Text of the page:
Investigations are under way into a series of 21 fires along a 12km stretch of railway track from Alma to Herbert, which may have been caused by sparks from a steam locomotive which visited Oamaru on Saturday.
At the height of the fire, 16 appliances and three helicopters using monsoon buckets fought to save farmland, houses and valuable feed stocks.
Dunedin Railways operations manager Grant Craig said all possible precautions to prevent such an event were taken with the 69-year-old locomotive, which was leased from Mainline Steam for the trip.
“We worked very closely with the rural fire people and as late as Friday afternoon looked at using a diesel locomotive instead of the “Jessica,” he said.
“As part of the precautions, we hooked diesel engines up to the train to help the steam engine up the steeper pieces of the track and we also had a 60,000-litre water tanker.”
According to Mr Craig, the journey from Dunedin to Oamaru for the 415 passengers went “without a hitch.”
“The extra diesel power helped the steam engine up the steeper part of the track from Shag Point/Merton to Herbert and again on the return trip in the steeper areas like Oamaru to Waiareka.
“We had very experienced people up front and they were happy with the performance of the engine.
“The incident is very regrettable and investigations are under way.”
Chief executive of Dunedin Railways Murray Bond said his company would be working closely with insurers and those directly affected by the fire.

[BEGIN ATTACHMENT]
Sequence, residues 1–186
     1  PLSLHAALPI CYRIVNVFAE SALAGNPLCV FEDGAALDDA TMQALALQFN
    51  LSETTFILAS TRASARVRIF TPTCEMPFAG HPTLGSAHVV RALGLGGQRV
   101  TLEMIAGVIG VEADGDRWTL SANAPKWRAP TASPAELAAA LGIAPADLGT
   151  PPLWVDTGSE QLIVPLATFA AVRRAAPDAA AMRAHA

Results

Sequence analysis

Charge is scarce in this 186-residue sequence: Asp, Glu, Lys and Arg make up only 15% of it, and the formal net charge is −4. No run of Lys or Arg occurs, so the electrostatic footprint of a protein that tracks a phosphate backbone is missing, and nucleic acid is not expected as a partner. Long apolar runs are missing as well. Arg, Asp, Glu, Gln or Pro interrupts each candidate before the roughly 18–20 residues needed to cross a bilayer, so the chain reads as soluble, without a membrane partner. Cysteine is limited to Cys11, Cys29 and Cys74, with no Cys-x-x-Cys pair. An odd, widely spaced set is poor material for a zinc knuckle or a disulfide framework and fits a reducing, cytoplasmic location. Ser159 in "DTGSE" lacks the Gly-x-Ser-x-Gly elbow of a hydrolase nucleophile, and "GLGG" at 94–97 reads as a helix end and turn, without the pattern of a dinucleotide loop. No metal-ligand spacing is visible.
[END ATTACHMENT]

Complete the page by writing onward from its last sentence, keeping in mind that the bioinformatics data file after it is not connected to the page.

“We want trips to be happy events and to have an incident such as this is very disappointing,” he said.
“The ‘Jessica’ is very well maintained and the people are very experienced.”
Mr Bond said he also wanted to hear from landowners and those directly affected by the fires.
“I have had one email but if anyone was directly affected from the fires, I would like to hear from them,” he said.
The train was stopped in Herbert and not allowed to carry on due to the fire risk.
Otago Rural Fire Authority rural fire officer Eric Spittal said it was probably ash which started the fires.
“The steam train, which was fine on the way up, began to leak ash and this led to all of the fires being started along the railway track.
“We had a large number of crews spread out along the 12km of track trying the best to put the fires out.”
Fire crews battled the fires for around 10 hours, with the last crew leaving about 1am yesterday.
However, the fires were not entirely put out, with some having to return yesterday morning to continue fighting the fires.
“It was a fantastic effort by all involved; we did splendidly well and I’m incredibly pleased that the fires didn’t got spread and become a lot more dangerous.”
State Highway 1 was closed for around an hour on Saturday after the fire caused thick black smoke to cover the road just south of the bridge in Maheno, making it too hard to see.
Traffic was diverted for a short time.
Mr Spittal said the main concern was properties and crops near the railway lines getting caught in the fires.
“We tried to make sure there were no houses or crops caught in the damage and if there was, we put it out as quickly as possible, and thankfully there was only very minor damage.”
Mr Spittal said a lack of wind also helped in being able to contain the fires.
“We are very fortunate that there’s been minimal winds this summer and that helped with the fires on Saturday.”
By Jacquie Webby and Brayden Lindsay
PHOTO: CAROL EDWARDS – “Jessica” JA1240 in Oamaru on Saturday before it left for Dunedin. It is believed to have caused a series of blazes between Alma and Maheno.